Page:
Risk factors are aspects of people, their lifestyle and environment that contribute to the likelihood of getting a disease. They can include family genetics. Some risk factors can be changed (for example, lowering one's blood pressure); other risk factors cannot be changed (for example, your age or your genes).
Most researchers no longer regard aluminum as a risk factor for Alzheimer's disease. However, some researchers are still examining whether some people are at risk because their bodies have difficulties in handling foods containing the metals copper, iron, and aluminum.
What is aluminum?
We usually think of aluminum as a light silvery metal used to make pots and pans, airplanes or tools, but it also has a non-metallic form. This form of aluminum makes up eight per cent of the earth's surface.
Where is it found?
In the environment
Aluminum in its non-metallic form is found everywhere. Because it is in the earth, it occurs naturally in the foods we eat. It is naturally found in drinking water and in some municipalities as an additive in the water treatment process. It is added to many food products when they are manufactured. Some cosmetics contain aluminum. It is also used in some drugs to make them more effective or less irritating. Aluminum is present in the air we breathe as a result of dry soil, smoke and sprays.
In the body
Aluminum is present in the body, but its role is not fully understood. Very little of the aluminum taken in by a healthy individual is actually absorbed; most is flushed out of the body by the kidneys.
What has led some scientists to believe there is a connection between aluminum and Alzheimer's disease?
Aluminum has been studied for over 40 years as a substance that might be linked to Alzheimer's disease. However, there have been many conflicting findings.
- Some studies show increased levels of aluminum in the brains of people with Alzheimer's disease, while others do not.
- Research has not found an increased incidence of Alzheimer's disease in people with occupational exposure to aluminum.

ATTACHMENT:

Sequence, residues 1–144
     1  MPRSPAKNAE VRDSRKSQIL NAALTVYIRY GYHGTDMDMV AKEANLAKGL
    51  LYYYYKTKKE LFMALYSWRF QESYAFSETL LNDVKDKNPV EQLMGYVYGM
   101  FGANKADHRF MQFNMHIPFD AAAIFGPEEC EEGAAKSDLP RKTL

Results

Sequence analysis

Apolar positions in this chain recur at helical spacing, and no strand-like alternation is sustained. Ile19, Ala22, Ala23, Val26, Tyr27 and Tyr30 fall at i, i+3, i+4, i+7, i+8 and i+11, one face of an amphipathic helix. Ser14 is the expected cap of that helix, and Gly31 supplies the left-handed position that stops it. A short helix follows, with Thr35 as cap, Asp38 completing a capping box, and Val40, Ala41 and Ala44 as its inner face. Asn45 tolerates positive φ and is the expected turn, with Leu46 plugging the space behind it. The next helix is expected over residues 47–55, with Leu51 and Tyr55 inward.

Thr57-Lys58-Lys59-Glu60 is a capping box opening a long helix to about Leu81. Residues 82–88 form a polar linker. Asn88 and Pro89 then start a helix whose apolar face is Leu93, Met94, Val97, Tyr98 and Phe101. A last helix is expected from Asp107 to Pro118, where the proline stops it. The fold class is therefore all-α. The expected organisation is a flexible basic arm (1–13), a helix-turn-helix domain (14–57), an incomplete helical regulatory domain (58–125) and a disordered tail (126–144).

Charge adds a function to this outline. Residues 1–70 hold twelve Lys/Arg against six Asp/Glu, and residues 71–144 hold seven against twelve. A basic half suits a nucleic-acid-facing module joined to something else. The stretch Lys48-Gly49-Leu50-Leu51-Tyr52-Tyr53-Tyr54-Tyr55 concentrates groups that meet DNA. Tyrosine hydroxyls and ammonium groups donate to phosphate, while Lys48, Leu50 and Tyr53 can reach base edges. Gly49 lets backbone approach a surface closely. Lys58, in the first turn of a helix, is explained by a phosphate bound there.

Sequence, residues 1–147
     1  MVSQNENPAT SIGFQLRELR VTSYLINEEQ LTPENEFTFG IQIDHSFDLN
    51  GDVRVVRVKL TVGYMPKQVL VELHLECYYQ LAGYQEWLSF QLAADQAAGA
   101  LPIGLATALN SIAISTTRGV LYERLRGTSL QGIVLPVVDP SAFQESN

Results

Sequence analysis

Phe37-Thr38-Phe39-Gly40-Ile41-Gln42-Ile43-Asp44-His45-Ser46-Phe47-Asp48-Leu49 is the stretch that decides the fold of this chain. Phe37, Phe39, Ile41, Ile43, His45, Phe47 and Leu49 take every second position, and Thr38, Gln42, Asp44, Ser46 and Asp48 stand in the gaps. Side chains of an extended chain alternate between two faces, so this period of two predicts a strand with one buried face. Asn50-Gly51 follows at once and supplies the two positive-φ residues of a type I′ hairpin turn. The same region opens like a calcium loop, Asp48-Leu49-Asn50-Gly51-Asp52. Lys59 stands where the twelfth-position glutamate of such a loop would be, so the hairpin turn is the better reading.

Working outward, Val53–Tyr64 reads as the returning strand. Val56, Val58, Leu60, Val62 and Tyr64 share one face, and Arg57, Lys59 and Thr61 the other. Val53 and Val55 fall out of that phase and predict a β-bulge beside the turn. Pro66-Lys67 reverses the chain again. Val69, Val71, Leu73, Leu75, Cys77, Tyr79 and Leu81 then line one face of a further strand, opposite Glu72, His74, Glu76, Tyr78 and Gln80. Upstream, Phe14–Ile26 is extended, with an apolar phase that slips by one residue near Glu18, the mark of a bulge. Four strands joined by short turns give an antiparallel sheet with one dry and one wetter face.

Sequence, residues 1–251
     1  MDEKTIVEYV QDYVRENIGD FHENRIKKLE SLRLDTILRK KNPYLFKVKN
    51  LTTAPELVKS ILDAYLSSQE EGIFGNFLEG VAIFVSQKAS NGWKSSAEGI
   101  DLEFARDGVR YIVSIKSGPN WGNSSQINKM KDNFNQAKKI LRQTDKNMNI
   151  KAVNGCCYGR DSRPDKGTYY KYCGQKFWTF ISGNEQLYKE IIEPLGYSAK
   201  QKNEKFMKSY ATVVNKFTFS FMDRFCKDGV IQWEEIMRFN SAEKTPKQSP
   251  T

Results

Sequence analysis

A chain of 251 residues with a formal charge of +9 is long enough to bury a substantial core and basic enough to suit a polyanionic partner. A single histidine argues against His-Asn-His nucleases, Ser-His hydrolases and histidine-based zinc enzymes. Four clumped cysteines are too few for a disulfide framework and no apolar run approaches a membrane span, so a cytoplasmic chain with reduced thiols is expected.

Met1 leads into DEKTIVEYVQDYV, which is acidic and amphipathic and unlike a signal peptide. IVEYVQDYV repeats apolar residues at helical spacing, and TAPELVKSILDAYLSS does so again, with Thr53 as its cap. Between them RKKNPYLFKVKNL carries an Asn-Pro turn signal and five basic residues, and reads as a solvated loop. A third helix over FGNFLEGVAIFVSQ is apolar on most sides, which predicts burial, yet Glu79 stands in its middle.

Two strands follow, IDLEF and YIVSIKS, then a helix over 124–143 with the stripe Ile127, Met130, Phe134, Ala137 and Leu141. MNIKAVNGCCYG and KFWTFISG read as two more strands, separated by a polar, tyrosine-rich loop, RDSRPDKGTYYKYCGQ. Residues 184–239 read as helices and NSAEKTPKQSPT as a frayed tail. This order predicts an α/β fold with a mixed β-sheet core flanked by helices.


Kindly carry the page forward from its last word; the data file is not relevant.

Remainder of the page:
- Tea is one of the few plants whose leaves accumulate large amounts of aluminum that can seep into the brewed beverage. However, there is no evidence that Alzheimer's disease is more prevalent in cultures that typically drink large amounts of tea.
- Unfortunately, earlier animal studies focused on one animal that is particularly susceptible to aluminum poisoning, thus leading to incorrect conclusions about the general effects of aluminum on the body.
What about pots and pans?
It would be difficult to significantly reduce exposure to aluminum simply by avoiding the use of aluminum cookware, foil, beverage cans and other products. Even if aluminum were clearly implicated in the development of Alzheimer's disease, these means of exposure contributes only a very small percentage of the average person's intake of aluminum.
At this point, there is no convincing evidence that aluminum increases a person's risk of developing Alzheimer's disease.
[The contents of this document are provided for information purposes only, and do not represent advice, an endorsement or a recommendation, with respect to any product, service or enterprise, and/or the claims and properties thereof, by the Alzheimer Society of Canada. The Information Sheet is not intended to replace clinical diagnosis by a health professional.]
Last Updated: 10/03/13